A12E1 – Infantry Tank Mk II Matilda II prototype with six mud chutes in side skirts.
Mk II (First production model armed with a water cooling Vickers .303 (7,71 mm) machine gun). The tracks are of the original pattern with extra bars welded on.
Mk IIA (Vickers machine gun replaced by Besa machine gun).
Mk III. New Leyland diesel engine used in place of AEC engines.
Linked along a common shaft two AEC straight-six water-cooled diesel engines A183-A184.
New Leyland E148-E149 diesel engines used in place of AEC engines.
Mk III CS. Variant with QF 3 inch (76 mm) howitzer, firing high explosive or smoke shells.
Mk IV With box section spudded tracks, jettisonable auxiliary fuel tank, improved engines, rigid mounting, and no turret lamp.
Mk IV CS. Variant with QF 3 inch (76 mm) howitzer, firing high explosive or smoke shells.
Matilda II with sunshield like a truck
Matilda adapted to carry and project a length of bangalore torpedo. The flying Bangalore torpedo equipment tube rests in crutches on the side.
Baron I Experimental Matilda chassis with mine flail – never used operationally.
Matilda Baron II – Rebuilt Baron I with shaft-drive from 6-cylinder bedford engines and hydraulic rams for the flail arms.
Matilda Baron III – Version with lower perambulator-type flail shaft-driven from bedord engines mounted over the rear of each track.
Matilda Baron IIIa – Turretless version of the Baron III with operators cab in space formerely occupied by the turret.
Matilda Scorpion I. Matilda chassis with a mine flail.
Matilda Scorpion (Prototype) – Flail tank with flail on lattice girder driven by engine mounted on right side over tracks. A middle East mine clearing flail tank – used at El-Alamein in 1942.
Matilda Scorpion I – Flail tank with flail operator in armoured box beside right track.
Matilda Scorpion II – Flail tank with simplified lattice girder
A Matilda Scorpion II flail tank showing the modified girder arrangement. Viewed from this side one can see the Crusader type air-filter inboard of the engine housing and the wedgeshaped fitting at the back. In this version the flail operator formed part of the turret crew.
Matilda AMRA I (Anti-Mine Roller Attachment).
Matilda AMRA IA (A Matilda with AMRA Mark IA featuring the drum pattern rollers and with a Carrot demolition device mounted at the front).
Matilda Fowler Plough
The original Fowler roller device attached to a Matilda in Egypt. The rollers are of the open, spoked pattern with what appear to be studs on the outer surface.
Matilda Plough – unrecorded Matilda modification from the time of the Bardia operation fitted with truncated AMRA frame, large ploughshares and lorry wheels.
Matilda TLC carpet-layer. (Fitted with carpet laying device).
Matilda Inglis Bridge – Tug for long skeleton bridge supported by Orolo tracked bogie assemblies.
Matilda with experimental Trench Crossing Device.
Middle East experimental bridging device comprising long lattice girder bridge with front end support on modified bren carrier.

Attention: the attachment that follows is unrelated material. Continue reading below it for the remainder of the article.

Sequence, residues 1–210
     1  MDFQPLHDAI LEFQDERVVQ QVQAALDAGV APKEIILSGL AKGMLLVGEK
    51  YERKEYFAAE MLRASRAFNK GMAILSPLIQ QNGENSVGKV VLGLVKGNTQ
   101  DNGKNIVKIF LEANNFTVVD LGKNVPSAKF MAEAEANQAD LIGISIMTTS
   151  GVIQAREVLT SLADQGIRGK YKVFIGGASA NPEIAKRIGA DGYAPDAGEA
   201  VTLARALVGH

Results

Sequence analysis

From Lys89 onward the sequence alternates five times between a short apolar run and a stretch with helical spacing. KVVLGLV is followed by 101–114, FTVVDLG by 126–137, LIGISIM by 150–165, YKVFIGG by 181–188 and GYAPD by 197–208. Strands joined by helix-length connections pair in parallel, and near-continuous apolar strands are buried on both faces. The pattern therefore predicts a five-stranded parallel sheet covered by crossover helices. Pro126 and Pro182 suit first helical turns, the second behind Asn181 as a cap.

Matilda Crane tank
Matilda V CDL (Canal Defence Light).
Matilda CDL These were Matilda II’s and V’s fitted with a new special turret which contained a powerfull De Thoren flashing arc searchlight for illuminating night battlefields. The normal turret was replaced by a cylindrical one containing a searchlight (projected through a vertical slit) and a BESA machine gun. The searchlight was intended to disorientate and confuse enemy at night.
Matilda Mk II CDL (early turret)
Matilda Mk II CDL (late turret)
British CDL turrets
Mk II with A24 turret.
A late production hull has been modified up to take a larger diameter A24 style 6-pdr gun turret ring. One produced, no documentation other than photographs of it remain.
Matilda Flame-thrower tank ‘Frog’.
Matilda Frog Mark I – Australian flamethrower version based on Matilda IV & V with flamethrower replacing 2pdr gun.
Matilda Dozer No 1 Mark 1 – Australian dozer tank with Britsand box-shaped dozer blade raised and lowered using cables.
Hydreco oil pump driven by chain and sprocket from the propellor shaft. The former type was used by 2/1 Australian Armoured Brigade Reconnaissance Squadron during the landings on Labuan and Balikapan in August 1945, but with no apparent success. The extra weight of the blade and pushpoles kept the nose of the tank down, causing the blade to dig in. The tank driver was unable to see what he was doing while bulldozing and, even with the Rackham clutches in perfect condition, it was very difficult to steer.
The second version was supplied as a field fitting kit at the end of the war, but even this caused problems due to poor manufacturing standards.
Most of the shortcomings already encountered with the first model were repeated in the second. The original idea had been to use the dozer tanks to remove obstacles under fire, fill in craters in roads or, as a last resort, bury occupied Japanese bunkers, while the tanks were capable of jettisoning their blades and acting as conventional
tanks if necessary.
Matilda Dozer No 3 Mark 1 – Australian dozer tank utilising hydraulic pump driven by chain and sprocket from the propellor shaft, to raise and lower the blade.
Matilda Hedgehog – Fitted with rear-mounted 7 spigot-type rocket-launcher on elevatable and rotatable launch platform.
It stemmed from an original scheme to launch an anti-submarine depth charge from a tank against enemy bunkers, but was modified to fire a battery of smaller projectiles. The conversion involved fitting a seven chambered launcher box to the back of the tank, above the engine louvres. It was pivoted at the rear and raised or lowered by hydraulics adapted from the Logan turret traverse apparatus from an American M3 Medium tank.
Matilda III with the Soviet 76.2mm F-96 gun (the modified version of ZIS-5 gun).